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A Brief Apologia for Deaconesses

Traditionally recognized in Anglican circles by her distinctive blue habit with its white collar, unique cross, and oftentimes veiled, a Deaconess is a woman who has been called to lay ministry in the Church. She has been educated and trained to fulfill the duties of her vocation. She has dedicated herself to lifelong service in the Church and has been Set Apart to the Office of Deaconess by the solemn laying-on of hands by the Bishop. She has, in faith, vowed to prayerfully execute the duties of her office in obedience to her Bishop and “those over her in the Lord.”

(Read more about the history of Deaconesses.)

Traditional Duties

To assist in the work of the Parish, Mission, or institution to which she may be appointed, under the direction of the Rector or Priest-in-charge; or, if there be none such, to perform such functions as may be directly entrusted to her by the Bishop.

Functions

  • crossTo care for the sick, the afflicted, and the poor.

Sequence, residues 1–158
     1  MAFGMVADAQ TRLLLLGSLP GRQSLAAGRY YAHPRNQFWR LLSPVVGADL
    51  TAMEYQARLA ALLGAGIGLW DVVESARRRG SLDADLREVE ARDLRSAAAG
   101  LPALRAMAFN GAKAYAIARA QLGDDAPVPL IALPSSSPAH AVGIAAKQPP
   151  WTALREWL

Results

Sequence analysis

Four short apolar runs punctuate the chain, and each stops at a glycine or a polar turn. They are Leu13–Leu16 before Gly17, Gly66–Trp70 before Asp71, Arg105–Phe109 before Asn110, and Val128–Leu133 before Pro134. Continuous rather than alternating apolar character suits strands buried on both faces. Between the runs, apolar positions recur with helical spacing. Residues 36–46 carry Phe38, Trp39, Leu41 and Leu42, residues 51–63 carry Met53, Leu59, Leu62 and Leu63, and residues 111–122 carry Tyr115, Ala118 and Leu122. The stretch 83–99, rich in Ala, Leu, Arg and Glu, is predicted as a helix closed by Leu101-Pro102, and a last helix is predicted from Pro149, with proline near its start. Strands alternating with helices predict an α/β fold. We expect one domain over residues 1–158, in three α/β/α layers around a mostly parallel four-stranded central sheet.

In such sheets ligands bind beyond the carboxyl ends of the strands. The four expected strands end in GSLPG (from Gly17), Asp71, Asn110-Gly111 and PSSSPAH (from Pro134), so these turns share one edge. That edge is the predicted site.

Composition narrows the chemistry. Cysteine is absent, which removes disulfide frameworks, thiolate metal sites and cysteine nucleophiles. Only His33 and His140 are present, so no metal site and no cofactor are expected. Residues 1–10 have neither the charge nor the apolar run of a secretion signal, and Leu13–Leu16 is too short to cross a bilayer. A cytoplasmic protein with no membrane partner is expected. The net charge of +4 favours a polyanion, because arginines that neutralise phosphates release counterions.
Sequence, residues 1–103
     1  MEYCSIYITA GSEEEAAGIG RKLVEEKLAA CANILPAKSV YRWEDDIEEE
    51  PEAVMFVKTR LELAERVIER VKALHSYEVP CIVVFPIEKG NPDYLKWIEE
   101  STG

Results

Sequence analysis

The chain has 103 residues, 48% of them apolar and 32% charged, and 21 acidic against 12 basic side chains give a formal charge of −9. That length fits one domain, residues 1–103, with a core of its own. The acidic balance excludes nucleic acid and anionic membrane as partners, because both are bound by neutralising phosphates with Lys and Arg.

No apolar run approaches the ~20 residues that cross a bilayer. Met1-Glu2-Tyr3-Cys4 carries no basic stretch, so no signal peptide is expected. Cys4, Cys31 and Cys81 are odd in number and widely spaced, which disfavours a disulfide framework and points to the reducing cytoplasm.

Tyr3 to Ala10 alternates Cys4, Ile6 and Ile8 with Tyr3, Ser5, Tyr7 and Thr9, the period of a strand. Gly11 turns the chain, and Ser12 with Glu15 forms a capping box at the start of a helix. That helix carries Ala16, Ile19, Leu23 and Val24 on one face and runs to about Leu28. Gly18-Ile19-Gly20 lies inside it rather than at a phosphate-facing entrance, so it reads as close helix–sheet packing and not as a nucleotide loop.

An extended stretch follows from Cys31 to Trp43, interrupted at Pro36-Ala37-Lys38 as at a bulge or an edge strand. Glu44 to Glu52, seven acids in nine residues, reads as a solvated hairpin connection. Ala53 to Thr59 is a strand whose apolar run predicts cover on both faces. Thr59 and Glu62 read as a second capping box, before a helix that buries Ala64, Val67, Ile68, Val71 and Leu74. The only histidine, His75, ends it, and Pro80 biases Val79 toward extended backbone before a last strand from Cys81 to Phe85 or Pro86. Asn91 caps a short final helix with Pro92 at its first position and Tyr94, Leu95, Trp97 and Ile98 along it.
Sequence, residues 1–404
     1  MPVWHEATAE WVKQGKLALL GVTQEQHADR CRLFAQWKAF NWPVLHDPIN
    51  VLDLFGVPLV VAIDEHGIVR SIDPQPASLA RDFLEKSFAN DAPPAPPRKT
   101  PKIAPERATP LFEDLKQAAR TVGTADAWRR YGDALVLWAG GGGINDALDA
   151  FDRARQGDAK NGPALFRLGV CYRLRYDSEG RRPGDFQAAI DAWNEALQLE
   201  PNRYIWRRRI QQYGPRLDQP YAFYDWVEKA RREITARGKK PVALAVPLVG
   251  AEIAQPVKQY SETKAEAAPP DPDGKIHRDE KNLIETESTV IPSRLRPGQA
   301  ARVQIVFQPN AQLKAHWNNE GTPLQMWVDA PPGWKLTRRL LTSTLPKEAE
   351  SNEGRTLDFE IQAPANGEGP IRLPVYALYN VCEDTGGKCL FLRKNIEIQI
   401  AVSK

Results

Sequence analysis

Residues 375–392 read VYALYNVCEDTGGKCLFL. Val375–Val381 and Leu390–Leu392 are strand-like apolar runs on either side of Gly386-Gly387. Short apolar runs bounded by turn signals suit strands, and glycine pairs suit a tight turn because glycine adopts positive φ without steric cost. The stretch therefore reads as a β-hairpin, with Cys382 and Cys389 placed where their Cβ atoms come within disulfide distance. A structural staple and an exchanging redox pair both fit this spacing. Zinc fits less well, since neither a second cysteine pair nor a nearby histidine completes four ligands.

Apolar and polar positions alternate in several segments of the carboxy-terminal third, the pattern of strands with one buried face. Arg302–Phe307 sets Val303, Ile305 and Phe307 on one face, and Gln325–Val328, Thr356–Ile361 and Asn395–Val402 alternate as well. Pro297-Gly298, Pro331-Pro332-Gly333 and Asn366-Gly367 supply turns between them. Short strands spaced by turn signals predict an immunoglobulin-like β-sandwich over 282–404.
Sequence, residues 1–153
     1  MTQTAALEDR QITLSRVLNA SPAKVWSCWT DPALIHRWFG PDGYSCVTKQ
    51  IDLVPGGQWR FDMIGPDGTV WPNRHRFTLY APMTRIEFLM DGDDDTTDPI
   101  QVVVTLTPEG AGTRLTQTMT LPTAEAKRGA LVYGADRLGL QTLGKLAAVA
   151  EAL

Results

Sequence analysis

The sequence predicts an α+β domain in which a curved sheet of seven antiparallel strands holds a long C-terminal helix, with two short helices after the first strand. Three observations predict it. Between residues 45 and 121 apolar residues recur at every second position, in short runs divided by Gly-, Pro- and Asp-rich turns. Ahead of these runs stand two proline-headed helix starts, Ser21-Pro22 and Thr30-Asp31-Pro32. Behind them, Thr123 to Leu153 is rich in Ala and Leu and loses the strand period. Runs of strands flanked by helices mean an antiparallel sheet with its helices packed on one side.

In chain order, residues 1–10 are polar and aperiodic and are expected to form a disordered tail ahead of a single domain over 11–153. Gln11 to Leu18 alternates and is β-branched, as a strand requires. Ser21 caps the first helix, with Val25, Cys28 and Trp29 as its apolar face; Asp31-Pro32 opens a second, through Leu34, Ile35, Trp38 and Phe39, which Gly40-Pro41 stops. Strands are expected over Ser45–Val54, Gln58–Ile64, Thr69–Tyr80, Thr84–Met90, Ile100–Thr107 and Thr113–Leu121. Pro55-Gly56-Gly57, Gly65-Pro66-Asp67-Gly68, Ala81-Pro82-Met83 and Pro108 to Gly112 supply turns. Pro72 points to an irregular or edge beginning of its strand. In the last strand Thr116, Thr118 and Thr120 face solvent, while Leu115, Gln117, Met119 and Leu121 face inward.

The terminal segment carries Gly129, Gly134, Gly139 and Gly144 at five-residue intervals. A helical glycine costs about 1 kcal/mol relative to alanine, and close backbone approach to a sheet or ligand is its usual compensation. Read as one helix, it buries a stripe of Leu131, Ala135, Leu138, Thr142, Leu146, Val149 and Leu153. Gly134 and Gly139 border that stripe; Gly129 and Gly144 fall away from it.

• To give instruction in the Christian Faith.

  • Under the Rector or the Priest-in-charge, to prepare candidates for Baptism and for Confirmation.

  • To assist at the administration of Holy Baptism; and, in the absence of the Priest or Deacon, to baptize infants.

  • Under the Rector or Priest-in-charge to organize, superintend, and carry out the Church's work among women and children.

  • With the approval of the Bishop and the incumbent, to read Morning and Evening Prayer (except such portions as are reserved for the Priest) and the Litany in Church or Chapel in the absence of the Minister; and when licensed by the Bishop to give instruction or deliver addresses at such services.

  • To organize and carry on social work; and in colleges and schools to have a responsible part in the education of women and children, and to promote the welfare of women students.

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"By virtue of her office, properly understood and executed, the Deaconess inherently undertakes a certain level of ministerial authority both within and on behalf of the Church, especially among women and children. Nevertheless, she is always subject to the ecclesiastical authority of the men placed over her in the Lord." - from the Handbook for the Order of Deaconesses


ADAWe are affiliated with the Anglican Deaconess Association.


For more information about the Order of Deaconesses,  email info@recdss.org.